The Life and Times of George Monroe and His Family

By Tom Bopp

“Just as there are the greatest of soldiers and sailors, artists and mechanics at times
 so there are greater stage drivers than their fellows and George Monroe was the greatest of all.”

– A.H. Washburn, Supt., Yosemite Stage & Turnpike Company

Although Tom’s book is focused on George Monroe, it is actually about the Monroe family from 1794 in Pennsylvania to 1912 in Southern California. Their family movements and experiences supported George through much of his life from the east coast to Mariposa County and Yosemite to the story’s end in Southern California. This Black family had brushes with slavery, prejudice, and poverty, yet it held together until after George died in 1886 following an accident. At the same time, George’s reputation drew from his driving of the coaches of the Washburn and related livery stables into Yosemite.

Just as Tom has fleshed out the family heritage, he also has related it to the development of the Washburn interests in the roads and hotels from Mariposa to Wawona and Yosemite Valley in which George Monroe played a significant part. There are few accounts of Black people in the Sierra, much less whole families. We are fortunate to have this one.

- James B. Snyder, Yosemite National Park Historian from 1988-2005.


The story of George Monroe’s ascent to the top of his profession lay hidden for a century, languishing amid that tantalizing, antique fragrance of disregarded city records. The only one who remembered the story was an elderly African American blacksmith named George Millen, left alone in San Diego in 1897. Under questioning by the jury in a coroner’s inquest, Millen in his southern, possibly Cajun accent, revealed an epic tale that led from the Antebellum South, through the California Gold Rush and the dawn of Yosemite tourism, to Southern California at the brink of the automobile era. In a few deft sentences, Millen rescued his family’s history from being forever lost. He also testified to the triumph and power of self-definition that was achieved by his indomitable sister, Mary Ann Monroe.

Mary’s son, George Monroe, had in his short life become a famous stagecoach driver and guide, introducing a stellar cast of international celebrities to Yosemite. Mary’s husband, Louis, was a civil rights activist following the Civil War. Together the family established and operated a ranch and farm.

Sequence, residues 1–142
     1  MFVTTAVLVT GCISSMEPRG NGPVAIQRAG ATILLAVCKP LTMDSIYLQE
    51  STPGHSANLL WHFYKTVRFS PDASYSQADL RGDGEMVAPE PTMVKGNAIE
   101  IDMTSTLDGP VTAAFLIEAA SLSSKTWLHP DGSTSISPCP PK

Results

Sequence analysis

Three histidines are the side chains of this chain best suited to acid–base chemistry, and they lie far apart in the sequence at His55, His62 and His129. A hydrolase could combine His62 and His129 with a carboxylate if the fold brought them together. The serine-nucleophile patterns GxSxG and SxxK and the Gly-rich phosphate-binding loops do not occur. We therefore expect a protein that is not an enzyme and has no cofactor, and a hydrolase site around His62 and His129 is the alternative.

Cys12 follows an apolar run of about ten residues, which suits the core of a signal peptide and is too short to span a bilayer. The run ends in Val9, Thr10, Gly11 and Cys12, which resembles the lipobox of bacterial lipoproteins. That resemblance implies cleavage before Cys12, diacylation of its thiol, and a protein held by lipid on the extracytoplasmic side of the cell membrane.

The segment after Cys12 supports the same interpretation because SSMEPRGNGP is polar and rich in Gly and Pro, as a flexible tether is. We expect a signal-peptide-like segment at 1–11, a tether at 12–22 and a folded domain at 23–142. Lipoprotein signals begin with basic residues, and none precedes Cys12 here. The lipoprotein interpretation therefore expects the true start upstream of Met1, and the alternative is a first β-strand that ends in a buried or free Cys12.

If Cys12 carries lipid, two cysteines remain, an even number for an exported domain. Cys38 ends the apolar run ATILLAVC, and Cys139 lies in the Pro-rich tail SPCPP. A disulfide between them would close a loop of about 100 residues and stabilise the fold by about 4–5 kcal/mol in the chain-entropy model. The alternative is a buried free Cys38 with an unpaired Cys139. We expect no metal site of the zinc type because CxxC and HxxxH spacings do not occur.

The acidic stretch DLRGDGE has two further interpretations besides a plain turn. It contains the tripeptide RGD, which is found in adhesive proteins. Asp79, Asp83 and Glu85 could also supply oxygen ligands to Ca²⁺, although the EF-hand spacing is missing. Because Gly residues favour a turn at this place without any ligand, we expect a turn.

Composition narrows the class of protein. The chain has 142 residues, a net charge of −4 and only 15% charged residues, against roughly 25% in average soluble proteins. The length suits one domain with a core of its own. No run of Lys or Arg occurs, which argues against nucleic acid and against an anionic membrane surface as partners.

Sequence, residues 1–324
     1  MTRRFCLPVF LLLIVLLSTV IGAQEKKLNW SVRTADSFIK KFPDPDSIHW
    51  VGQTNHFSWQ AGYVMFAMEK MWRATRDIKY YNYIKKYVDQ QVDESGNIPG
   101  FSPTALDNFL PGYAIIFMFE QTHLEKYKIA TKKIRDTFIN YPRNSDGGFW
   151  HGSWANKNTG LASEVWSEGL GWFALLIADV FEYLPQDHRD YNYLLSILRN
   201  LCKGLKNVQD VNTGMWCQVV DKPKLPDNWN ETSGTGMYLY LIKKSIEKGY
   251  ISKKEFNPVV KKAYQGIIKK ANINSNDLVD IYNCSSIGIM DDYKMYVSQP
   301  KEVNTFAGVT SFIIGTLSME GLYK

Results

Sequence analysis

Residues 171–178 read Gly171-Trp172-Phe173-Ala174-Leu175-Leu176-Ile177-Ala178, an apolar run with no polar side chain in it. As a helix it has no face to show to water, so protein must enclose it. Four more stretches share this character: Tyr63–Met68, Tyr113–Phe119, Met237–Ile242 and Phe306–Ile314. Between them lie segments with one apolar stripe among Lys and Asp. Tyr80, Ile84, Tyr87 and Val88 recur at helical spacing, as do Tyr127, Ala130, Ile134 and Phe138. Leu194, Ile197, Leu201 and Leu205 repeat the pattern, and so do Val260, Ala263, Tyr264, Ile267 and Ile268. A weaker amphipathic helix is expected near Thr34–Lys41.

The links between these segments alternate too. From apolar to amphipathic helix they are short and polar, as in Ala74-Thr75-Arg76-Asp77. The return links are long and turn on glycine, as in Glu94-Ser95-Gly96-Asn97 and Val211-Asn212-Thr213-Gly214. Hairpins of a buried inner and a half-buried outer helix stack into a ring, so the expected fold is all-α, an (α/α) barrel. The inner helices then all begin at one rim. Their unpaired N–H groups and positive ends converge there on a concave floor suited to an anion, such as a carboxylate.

Through the entire arc of her life, Mary asserted her inner strength and intelligence though beset by adversity and tragedy, and endured just long enough, as the reader will learn, that the very nature of her death would result in the preservation of her remarkable story.

Reports of George Monroe’s transcendent abilities have filtered down to us through occasional articles, inspiring his placement in the title of this book. But it is crucial to remember that the boldness, drive, and strategic agility displayed by Mary and her brother and husband merit them equal standing with their famous son. This is the story of a determined, talented family emerging triumphant from a systemically oppressive cultural milieu of gender and race bias.

To date, knowledge of George Monroe has come primarily from three sources: press coverage of Ulysses S. Grant’s visit to Yosemite in 1879, Monroe’s 1886 obituary, and writer Ben C. Truman’s reminiscences from 1899 and 1903. This book reaches far beyond those sources with fresh, new research.

Essential to the story is the colorful backdrop of Monroe’s career with the Yosemite Stage & Turnpike Company, the complex, fascinating social climate in which the Monroes found themselves, and the local and national historic events that so directly affected their lives. The copious endnotes are provided not only to substantiate the story, but to enrich it with extra details, and to provide clues to aid further research.

As a note to the reader from the author’s perspective, a history book always becomes more vivid by conjuring up in the imagination the places, the smells, sounds, and feel of the air, and especially the people—the cadence of their voices, and what they might say over dinner if you could only join them.